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  • Lori Carol Maloy

One-Minute Words: Quick Journaling for a happy mind



As a counselor, I've heard many clients say they just don't have time to journal, but what if I could offer you several ideas on how to start journaling on the fly? Journaling that takes less than a minute. Now, that's manageable. Hang out with me for a couple of minutes and find out how because journaling is therapeutic.


Still, Journaling can be both soul-wrenching and enlightening. But, as a counselor and a journal-keeper myself, it can also be very therapeutic, even changing our mood and attitude.


Journaling can help you cope with unpleasant memories, frustrations, and help you problem solve through the simple art of self-expression and emptying your thoughts onto the paper.


But so often time constraints and fears get in the way


Fears of journaling

The biggest complaint I hear about journaling is that it takes too much time and brings up memories many of us are not prepared for or ready to think about, much less write about.


Another fear is that someone might find the journal, read it, and realize all of your secrets: a fear that truly came to life for one woman in the interesting movie, Thief of Hearts, (1984. This film depicted how others can use and manipulate us when they know our private thoughts.

If you are living with someone who you fear will find and read your journal, get help and find someone to talk to about your relationship and boundary concerns.


Time is not on my side

Sitting down and writing for hours isn’t on any one’s fun list of things to do, unless of course, you write for a living. Feeling like you have to write a book in one journaling session, or at the very least, a long chapter of your sorrows, can seem overwhelming, therefore, creating journal entries in small chunks is the manageable option.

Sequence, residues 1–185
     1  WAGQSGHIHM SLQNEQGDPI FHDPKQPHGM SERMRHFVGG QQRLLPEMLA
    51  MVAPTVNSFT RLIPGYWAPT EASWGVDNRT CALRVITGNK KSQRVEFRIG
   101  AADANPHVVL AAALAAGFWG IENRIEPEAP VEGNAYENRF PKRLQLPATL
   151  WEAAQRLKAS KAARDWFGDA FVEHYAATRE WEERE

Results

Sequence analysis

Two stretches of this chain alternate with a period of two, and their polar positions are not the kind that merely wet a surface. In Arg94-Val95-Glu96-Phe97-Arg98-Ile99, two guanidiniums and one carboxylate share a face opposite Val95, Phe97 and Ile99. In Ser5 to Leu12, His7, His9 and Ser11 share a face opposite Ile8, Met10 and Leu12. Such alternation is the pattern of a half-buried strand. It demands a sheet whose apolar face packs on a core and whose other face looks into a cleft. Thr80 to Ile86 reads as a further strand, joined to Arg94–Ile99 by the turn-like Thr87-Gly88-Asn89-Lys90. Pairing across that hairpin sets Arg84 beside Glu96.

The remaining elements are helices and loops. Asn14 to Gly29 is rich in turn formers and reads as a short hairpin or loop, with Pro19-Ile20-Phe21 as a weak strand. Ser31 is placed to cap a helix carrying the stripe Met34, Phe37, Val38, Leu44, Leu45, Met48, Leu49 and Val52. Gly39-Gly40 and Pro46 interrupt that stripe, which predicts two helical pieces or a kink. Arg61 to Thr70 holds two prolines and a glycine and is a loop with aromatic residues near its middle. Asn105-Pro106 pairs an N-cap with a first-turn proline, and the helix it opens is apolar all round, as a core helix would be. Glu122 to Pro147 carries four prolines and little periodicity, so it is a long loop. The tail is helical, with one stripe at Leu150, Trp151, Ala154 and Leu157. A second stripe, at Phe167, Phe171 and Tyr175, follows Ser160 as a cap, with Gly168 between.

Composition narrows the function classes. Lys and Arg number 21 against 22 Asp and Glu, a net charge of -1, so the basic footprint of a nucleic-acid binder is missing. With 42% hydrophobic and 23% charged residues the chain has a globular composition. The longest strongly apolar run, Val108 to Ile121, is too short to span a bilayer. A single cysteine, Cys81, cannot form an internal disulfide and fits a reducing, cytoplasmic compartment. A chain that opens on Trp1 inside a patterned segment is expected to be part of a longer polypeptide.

How about one-minute words?

These are one sentence, free-writing thoughts that can depict your mood, hopes, dreams, or feelings of loss for today. These one-liners that can relieve all the expectations and trashcan your fear of journaling by breaking the process into small chunks. One-liners can give you the opportunity to complete several entries per day, and believe it or not, these tiny entries can change your mood.


What about the sadness?

If you’re a first timer and don’t have the follow through for long entries, try the one minute words. Stop fretting that you need to dump your whole past onto the paper.


Take it slow


There are a number of other thoughts you can journal before you bare your soul.


One-liners for your journal can include:


· A list of three things you’re thankful for in this moment (Gratitude is a game changer)

· What you’re thinking about or worrying about right now

· Three fears you have

· Three hopes you have

· One sentence that describes your bucket list of things you are hoping to do one day

· List why you are proud of yourself and note the accomplishments you’ve made (no matter how small)

· Close your eyes and write down everything you can hear and smell and feel (Mindful)

· A list of all the flowers you’d like to plant one day


By now, you’re probably getting the full picture


of how this goes, right? How One-minute words can be completely painless and can start you on the path to manageable journaling.



Positive One-minute Words


Changing negative thoughts into positive thoughts change the brain, lessen your risk of Alzheimers and depression, and increases ability to think and reason.


Allowing yourself to seek out the positive in your current moment through self-examination, including taking a peek into your desires for the future can set you on a path of positive self-talk and create a whole new pattern of seeing the glass half-full rather than half-empty.


In addition to reducing anxiety and depression, another perk to journaling is increased brain power. Kasee Bailey, in her article, 5 Powerful Health Benefits of Journaling, states that journaling can increase memory and comprehension. Wow, who wouldn’t want more memory the next time you can’t find your eyeglasses or car keys, or when you want to remember why you walked into that other room in the first place.


Take-away

Grab a tiny notepad, dreamy journal or diary or whatever works for you, and start writing down your positive one-minute words today. After all, it’ll only take one minute.


Begin redirecting the negative thoughts into more positive thoughts. (I can, I will, I could, I did).

Philippians 4:8 Finally, brothers and sisters, whatever is true, whatever is noble, whatever is right, whatever is pure, whatever is lovely, whatever is admirable – if anything is excellent or praiseworthy – think about such things. (NIV)


Blessings,

Lori Carol Maloy


Feature image: Image by StockSnap from Pixabay



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